- A recent announcement by the Honourable Peter Kent, Minister of the Environment, concerning new regulations on greenhouse gas emissions from heavy-duty vehicles is being embraced by Canadian vehicle manufacturers as important for the integrated North American vehicle-manufacturing business. The governments continue to look at ways to remove unnecessary differences in the two countries’ regulatory requirements that cost money and compromise economic growth and job creation.
- The Government of Canada will continue to cut red tape for small businesses, so that they can focus on what they do best: sustaining the economic recovery by creating jobs and growth in communities across Canada. The Red Tape Reduction Commission tackled one of the most persistent barriers to business competitiveness: unnecessary administrative burdens and paperwork. The Government of Canada is carefully studying the commission’s recommendations in order to develop its action plan for reducing red tape. A “one for one” rule, which came into force on April 1, 2012, will help control the administrative burden on business. This rule is about controlling the costs that irritate business the most—the time and money spent filling out forms and sending them to the government.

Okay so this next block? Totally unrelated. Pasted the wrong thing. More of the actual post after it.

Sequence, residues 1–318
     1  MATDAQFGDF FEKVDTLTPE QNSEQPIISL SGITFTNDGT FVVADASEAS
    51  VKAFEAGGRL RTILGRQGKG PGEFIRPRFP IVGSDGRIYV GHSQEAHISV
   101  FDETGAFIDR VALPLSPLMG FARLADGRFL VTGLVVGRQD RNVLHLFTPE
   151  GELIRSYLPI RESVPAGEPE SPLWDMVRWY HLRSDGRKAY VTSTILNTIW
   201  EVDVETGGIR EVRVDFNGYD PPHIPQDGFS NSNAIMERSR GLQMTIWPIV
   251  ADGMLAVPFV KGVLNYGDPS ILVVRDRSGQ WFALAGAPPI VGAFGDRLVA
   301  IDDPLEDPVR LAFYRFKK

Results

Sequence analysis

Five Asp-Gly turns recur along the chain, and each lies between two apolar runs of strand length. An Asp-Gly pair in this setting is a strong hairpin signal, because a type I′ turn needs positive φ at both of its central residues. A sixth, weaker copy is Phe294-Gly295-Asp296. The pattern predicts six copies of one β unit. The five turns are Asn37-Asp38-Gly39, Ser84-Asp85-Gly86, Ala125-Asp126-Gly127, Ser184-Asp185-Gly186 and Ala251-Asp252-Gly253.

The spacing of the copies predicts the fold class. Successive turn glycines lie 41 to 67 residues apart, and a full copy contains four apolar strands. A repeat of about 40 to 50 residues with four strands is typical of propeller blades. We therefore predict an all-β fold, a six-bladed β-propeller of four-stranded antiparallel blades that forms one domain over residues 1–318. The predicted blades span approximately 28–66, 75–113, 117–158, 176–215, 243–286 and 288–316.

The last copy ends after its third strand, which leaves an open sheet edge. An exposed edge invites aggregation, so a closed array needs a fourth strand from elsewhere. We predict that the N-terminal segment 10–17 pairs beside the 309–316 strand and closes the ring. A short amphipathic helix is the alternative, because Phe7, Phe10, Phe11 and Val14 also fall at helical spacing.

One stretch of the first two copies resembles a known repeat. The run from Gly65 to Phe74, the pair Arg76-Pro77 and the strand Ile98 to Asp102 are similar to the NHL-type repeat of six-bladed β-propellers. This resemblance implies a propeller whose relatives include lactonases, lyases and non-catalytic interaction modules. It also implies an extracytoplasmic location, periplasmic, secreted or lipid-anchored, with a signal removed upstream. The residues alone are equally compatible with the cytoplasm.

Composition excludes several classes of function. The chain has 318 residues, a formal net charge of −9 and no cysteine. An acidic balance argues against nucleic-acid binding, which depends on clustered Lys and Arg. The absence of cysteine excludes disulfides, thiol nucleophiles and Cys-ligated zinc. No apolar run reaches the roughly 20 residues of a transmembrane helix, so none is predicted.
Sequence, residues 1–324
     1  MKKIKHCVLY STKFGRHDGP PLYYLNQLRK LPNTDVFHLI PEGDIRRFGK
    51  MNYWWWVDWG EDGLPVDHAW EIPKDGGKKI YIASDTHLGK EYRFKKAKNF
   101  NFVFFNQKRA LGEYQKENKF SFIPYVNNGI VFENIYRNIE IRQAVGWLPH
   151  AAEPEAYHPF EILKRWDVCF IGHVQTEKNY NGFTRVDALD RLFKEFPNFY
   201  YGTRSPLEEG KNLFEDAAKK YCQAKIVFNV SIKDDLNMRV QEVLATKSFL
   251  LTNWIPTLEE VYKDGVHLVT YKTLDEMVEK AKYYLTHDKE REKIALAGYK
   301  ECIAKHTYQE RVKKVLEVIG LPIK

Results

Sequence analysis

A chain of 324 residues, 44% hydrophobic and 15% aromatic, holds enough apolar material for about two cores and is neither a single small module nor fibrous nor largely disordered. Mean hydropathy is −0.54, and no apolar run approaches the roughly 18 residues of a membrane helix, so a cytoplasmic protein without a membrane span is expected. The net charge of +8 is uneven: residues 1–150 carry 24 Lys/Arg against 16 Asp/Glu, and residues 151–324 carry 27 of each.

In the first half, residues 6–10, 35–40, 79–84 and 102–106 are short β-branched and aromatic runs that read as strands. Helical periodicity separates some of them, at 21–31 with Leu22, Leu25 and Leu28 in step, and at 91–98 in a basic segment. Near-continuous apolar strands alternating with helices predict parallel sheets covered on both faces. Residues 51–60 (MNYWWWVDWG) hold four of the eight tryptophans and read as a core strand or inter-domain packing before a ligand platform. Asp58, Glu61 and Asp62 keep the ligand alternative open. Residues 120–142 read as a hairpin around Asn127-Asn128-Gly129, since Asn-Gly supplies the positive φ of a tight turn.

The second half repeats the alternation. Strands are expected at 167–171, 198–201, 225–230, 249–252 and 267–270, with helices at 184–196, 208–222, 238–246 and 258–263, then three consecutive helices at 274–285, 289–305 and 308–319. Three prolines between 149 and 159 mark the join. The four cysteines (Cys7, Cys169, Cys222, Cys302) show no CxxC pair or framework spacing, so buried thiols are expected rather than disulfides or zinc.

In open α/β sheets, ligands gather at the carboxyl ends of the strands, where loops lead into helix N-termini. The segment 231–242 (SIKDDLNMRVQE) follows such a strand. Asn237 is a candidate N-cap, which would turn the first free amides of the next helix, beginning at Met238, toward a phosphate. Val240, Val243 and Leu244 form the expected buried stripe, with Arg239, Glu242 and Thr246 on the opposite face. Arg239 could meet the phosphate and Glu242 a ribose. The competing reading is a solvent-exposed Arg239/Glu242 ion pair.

- The Harper government has eliminated more than 1,800 tariffs, including all tariffs on imported machinery, equipment and manufacturing inputs, making Canada the first tariff-free zone in the G-20 for manufacturers.
Some recent business achievements, facilitated by Canada’s Trade Commissioner Service, demonstrate the continued strength of the Canada-U.S. relationship: